Jewish in Germany: A Response to Yascha Mounk

Two weeks ago – the day I landed back in Germany after six weeks in New York – the New York Times published an article by Yascha Mounk, entitled German, Jewish and Neither, which quickly made the rounds. (Well at least from my perspective, it made the rounds, as I am a New Yorker by birth and a Jew, and therefore know many other Jews.) Around that time I promised to write a blog post about my personal experience as a Jew living in Germany. At first, it was easy enough to throw the link up on Facebook along with the comment, “my experience, in reverse,” but what exactly was my experience? What did I mean that it was the reverse of Mr. Mounk’s?

Well, as it turns out, I wrote something trite and linked to the article because I simply didn’t want to consider it any further than that. I’ve tried to start this post numerous times and been stymied by my own lack of passion on the matter. Even a general interest in it. The truth is, I’ve been trying to write about being a Jew in Germany, but I’ve been much too busy trying to be an American in Germany, and a writer in Germany, and a non-native German speaker in Germany, to find the time. Of course, being Jewish adds more spice to the pot—and, by all means, yet another level of awkwardness when your secret comes out in conversation with a German, another level of closeness when you run into another Jew like you—but it’s also something you have to get used to if you suddenly go from being one of more than a million to one of a handful.

This is what I meant when I said that my experience has been Mounk’s in reverse. Being born in New York, I found out very gently (and, one might say, sweetly), that there were more than just Jews in the world when my best friend at the age of five or six told me she was Christian. We agreed that the difference was inconsequential, barely worth discussing (it was even difficult to link Christianity to Christmas and Santa Claus, as I had always had those too). We moved on. Once I had progressed past the tender single-digit ages, I had obviously grasped that the world included not one, not two, but several religions, and that Jews were a distinct minority, but it was difficult to grasp what that meant when Jews seemed to be a healthy majority where I came from.

You see, what Mr. Mounk identifies as the various tenets of “cultural Judaism” to the rest of the world were merely the norm to me, and continue to be to anyone who has spent a significant amount of time in New York. Woody Allen is not a “Jewish comedian” and his brand of humor is certainly not “Jew humor,” as one of Mounk’s former high school classmates defines it while attempting to pay a compliment (and is it just me, or does the use of the word “Jew” instead of “Jewish” as an adjective just sound either inimitably creepy, as though straight from the lips of an Indiana Jones-worthy Nazi cliché, or unintentionally hilarious, as though uttered by one of Monty Python’s French soldiers—“you don’t frighten us, English Jew dogs!”—?) To New Yorkers, and dare I say it most Americans, Woody Allen’s comedy is simply comedy. Seinfeld’s comedy is simply comedy (although to be fair, Seinfeld’s comedy really is typical New York comedy). Before I had traveled as an adult, it simply didn’t occur to me that the whole world didn’t wake up to bagels, cream cheese, and lox every morning. Bagels and lox or whitefish are not Jewish food—“Jew food”?—to us, they are simply awesome things to eat. We all understand that we are Jewish, even though we may not speak Hebrew or celebrates Shabbos or go to synagogue or light candles on Hanukkah. We all understand what it means—or at least we think we do because no one has ever bothered to ask us.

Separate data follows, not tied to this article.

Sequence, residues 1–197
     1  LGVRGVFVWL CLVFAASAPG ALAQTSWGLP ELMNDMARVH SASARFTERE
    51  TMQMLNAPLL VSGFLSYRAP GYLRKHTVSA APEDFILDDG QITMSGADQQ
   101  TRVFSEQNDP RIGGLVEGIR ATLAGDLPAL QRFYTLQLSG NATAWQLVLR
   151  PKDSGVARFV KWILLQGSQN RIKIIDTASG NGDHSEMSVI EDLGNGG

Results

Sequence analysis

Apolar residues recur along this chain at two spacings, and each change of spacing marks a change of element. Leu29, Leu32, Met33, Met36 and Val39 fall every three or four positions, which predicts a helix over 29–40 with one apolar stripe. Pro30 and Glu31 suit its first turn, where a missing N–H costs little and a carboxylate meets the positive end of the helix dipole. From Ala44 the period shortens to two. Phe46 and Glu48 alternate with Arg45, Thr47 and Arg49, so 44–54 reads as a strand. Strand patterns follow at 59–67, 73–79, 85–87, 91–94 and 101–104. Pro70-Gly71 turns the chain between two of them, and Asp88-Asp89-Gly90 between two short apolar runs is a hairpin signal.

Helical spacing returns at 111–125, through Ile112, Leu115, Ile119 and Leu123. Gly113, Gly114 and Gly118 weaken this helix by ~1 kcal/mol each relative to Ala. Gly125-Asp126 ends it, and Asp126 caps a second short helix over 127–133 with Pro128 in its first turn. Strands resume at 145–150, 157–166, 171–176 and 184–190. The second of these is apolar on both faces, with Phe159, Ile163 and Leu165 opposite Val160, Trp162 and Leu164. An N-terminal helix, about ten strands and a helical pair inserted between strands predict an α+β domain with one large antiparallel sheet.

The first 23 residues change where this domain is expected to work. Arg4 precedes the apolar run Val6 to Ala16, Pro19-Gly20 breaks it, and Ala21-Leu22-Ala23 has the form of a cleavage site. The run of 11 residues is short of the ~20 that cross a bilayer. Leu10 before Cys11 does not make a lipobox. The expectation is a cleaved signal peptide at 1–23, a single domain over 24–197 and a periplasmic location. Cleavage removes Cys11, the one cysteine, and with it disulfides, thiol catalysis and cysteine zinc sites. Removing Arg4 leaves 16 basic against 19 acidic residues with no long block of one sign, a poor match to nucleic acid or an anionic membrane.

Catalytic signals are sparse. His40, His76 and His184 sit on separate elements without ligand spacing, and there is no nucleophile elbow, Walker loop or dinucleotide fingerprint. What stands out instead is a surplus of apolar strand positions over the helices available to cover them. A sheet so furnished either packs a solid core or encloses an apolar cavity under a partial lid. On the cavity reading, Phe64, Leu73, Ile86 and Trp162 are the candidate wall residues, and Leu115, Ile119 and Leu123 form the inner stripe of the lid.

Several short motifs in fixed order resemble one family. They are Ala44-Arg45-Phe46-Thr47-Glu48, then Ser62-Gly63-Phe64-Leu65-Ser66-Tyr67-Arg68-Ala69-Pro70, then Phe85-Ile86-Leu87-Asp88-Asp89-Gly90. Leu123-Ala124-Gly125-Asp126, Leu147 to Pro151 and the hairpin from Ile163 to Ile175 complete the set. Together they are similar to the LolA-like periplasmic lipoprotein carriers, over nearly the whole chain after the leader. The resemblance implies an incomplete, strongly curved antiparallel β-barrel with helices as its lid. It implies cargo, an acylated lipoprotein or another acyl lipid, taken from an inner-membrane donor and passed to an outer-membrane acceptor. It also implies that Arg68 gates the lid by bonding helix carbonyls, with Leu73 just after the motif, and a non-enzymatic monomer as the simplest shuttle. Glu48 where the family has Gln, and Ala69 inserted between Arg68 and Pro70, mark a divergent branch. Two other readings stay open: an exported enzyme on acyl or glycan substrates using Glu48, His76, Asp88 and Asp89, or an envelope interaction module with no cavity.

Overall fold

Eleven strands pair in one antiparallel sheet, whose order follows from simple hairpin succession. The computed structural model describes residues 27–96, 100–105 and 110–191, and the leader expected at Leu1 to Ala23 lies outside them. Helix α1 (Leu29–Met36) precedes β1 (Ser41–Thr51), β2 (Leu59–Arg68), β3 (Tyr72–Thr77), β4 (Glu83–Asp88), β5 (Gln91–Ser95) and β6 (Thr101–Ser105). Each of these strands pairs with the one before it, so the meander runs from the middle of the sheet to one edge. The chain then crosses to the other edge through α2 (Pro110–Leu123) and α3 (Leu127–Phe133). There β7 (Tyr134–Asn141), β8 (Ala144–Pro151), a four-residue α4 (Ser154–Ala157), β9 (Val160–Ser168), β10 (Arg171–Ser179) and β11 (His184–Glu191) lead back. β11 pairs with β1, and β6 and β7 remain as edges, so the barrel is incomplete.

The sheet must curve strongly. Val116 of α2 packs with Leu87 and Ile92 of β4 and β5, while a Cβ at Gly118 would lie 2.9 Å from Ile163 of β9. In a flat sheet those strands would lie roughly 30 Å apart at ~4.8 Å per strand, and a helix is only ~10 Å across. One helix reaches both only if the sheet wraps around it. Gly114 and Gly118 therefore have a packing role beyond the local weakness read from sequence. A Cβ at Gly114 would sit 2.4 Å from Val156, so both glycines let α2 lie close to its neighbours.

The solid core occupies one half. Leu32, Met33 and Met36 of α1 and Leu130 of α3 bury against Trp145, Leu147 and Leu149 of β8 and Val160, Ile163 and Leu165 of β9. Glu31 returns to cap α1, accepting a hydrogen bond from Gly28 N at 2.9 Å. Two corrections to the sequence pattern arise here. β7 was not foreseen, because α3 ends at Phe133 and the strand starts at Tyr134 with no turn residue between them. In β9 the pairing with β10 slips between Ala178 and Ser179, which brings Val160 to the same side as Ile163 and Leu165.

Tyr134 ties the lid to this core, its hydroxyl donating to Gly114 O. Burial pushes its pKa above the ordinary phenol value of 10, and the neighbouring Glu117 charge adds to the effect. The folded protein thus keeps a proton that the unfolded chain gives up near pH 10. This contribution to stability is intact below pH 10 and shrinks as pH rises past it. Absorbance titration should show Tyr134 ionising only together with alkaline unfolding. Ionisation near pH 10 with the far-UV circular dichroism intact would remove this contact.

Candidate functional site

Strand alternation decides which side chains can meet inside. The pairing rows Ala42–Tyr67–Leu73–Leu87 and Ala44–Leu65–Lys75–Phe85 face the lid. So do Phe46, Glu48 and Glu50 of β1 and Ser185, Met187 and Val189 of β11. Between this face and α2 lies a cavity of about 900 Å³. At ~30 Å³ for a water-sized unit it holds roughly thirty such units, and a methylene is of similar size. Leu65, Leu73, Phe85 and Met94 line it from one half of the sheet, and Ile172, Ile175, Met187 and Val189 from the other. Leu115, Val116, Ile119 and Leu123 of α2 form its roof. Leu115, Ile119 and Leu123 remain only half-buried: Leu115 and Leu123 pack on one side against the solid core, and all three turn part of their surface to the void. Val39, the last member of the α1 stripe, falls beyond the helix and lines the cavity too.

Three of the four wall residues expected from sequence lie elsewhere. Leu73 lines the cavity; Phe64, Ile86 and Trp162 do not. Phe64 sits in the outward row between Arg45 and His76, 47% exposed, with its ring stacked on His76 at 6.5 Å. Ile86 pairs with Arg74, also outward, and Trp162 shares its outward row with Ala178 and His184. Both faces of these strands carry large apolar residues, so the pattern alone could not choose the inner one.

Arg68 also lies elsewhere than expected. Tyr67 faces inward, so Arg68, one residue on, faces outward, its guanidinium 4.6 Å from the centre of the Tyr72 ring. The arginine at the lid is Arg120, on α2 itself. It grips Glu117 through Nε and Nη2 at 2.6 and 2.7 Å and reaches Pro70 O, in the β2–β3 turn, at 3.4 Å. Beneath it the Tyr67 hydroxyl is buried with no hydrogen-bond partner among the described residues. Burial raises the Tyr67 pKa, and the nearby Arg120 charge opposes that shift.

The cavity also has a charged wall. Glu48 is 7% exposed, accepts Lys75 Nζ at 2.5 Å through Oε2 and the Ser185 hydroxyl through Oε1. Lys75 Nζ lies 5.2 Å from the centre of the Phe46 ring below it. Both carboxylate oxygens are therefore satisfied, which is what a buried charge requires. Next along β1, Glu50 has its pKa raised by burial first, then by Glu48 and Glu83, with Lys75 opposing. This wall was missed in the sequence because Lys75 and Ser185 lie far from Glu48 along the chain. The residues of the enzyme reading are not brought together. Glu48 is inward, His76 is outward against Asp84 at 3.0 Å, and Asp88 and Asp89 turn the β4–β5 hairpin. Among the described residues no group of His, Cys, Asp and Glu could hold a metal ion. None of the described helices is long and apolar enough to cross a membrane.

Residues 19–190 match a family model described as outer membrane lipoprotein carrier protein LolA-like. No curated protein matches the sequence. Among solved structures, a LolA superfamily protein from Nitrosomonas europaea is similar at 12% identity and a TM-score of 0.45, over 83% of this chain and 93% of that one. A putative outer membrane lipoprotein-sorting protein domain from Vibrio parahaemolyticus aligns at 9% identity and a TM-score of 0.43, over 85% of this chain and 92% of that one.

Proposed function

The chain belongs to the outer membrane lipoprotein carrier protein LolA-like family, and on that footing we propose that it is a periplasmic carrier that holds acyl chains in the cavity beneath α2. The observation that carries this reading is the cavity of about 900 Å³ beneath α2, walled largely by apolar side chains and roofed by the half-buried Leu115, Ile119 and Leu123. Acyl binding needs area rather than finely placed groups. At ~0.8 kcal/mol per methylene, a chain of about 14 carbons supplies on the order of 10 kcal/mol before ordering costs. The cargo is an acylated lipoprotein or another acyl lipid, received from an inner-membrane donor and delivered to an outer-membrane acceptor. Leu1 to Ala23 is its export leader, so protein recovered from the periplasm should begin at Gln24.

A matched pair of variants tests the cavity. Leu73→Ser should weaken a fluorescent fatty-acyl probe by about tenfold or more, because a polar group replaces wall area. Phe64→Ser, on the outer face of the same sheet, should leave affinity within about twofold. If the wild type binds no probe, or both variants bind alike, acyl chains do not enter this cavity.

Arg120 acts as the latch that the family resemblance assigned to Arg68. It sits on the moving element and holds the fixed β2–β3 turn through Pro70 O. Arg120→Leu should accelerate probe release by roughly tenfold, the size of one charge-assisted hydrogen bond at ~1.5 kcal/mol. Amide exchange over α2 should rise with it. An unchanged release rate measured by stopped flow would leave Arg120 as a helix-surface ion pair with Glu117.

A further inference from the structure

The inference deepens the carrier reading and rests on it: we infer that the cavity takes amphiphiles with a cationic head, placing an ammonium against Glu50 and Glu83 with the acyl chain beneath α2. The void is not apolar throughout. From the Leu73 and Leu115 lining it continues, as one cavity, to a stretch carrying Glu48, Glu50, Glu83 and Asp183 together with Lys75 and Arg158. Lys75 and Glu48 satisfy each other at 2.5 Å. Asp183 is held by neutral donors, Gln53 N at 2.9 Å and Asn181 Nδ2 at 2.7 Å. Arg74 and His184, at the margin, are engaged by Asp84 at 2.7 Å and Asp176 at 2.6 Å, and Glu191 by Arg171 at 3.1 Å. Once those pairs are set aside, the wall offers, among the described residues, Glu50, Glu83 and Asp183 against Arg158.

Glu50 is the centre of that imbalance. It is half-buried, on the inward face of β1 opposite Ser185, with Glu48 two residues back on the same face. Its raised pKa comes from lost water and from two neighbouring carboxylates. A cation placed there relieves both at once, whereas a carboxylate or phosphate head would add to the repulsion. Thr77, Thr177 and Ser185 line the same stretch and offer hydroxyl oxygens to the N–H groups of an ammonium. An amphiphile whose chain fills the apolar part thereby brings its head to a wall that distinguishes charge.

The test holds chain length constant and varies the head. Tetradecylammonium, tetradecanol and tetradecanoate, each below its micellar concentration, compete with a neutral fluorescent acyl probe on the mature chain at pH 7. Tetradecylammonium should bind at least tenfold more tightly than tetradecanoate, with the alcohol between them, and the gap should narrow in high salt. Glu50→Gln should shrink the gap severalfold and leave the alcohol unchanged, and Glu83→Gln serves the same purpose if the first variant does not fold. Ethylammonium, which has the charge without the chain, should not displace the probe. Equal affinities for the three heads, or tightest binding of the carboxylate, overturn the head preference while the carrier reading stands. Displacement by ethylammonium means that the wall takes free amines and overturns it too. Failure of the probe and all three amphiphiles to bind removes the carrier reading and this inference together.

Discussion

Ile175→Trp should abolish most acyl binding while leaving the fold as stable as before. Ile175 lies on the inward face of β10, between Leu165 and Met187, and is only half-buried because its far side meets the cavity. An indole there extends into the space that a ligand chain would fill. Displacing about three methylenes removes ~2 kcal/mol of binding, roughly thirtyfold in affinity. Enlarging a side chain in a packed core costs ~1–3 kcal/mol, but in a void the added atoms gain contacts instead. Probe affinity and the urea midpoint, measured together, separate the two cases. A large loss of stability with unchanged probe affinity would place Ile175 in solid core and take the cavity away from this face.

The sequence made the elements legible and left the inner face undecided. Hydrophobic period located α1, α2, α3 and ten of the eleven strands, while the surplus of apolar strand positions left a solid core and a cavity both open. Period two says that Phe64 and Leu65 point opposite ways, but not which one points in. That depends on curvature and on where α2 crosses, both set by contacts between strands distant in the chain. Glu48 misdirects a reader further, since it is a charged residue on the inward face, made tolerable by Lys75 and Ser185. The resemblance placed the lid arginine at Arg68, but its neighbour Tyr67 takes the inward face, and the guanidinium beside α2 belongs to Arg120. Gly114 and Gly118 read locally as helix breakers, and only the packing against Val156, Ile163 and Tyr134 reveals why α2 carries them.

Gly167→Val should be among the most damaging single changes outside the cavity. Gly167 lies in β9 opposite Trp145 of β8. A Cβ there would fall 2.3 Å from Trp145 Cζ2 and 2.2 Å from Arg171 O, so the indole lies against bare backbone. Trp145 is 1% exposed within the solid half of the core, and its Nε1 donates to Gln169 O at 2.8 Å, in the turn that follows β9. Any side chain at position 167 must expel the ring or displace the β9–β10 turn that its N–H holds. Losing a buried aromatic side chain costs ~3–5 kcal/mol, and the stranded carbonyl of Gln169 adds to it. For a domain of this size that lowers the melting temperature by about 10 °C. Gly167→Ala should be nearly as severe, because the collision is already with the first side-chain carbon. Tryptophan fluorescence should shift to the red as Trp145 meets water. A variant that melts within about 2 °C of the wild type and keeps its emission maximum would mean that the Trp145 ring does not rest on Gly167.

In Germany, everybody asks. This is perhaps the exaggerated politeness, the infuriatingly benevolent expressions of interest Mounk refers to when detailing his move from his hometown of Laupheim to Munich. Reading the first page of the article, in which he admits to being “sort of Jewish” in school and an incredulous classmate replies with “everybody knows that Jews don’t exist anymore,” I was intrigued. I thought the article might force me to look at the experiences of Jews in Germany that were very different from my own. But no, as it turns out, we Jews who have willingly or unwillingly accepted the role of “panda on the verge of extinction” as Oliver Polak, the self-proclaimed only Jewish comedian in Germany once described us, seem to continue encountering the same charmingly daft lines of questioning wherever we go.

Once Mounk moved on to Munich, for example, things started to take a turn for the familiar. Oh, the number of times I have been greeted with that awkward pause when I tell someone here I’m Jewish. How often come the questions about what synagogue I go to in Berlin, how exactly I practice my religion. The number of times someone has made a reference to klezmer as their first and only reaction to my Judaism is truly laughable; I never quite got why that was the one thing Germans would finally grab on to, but Mounk explained it quite well: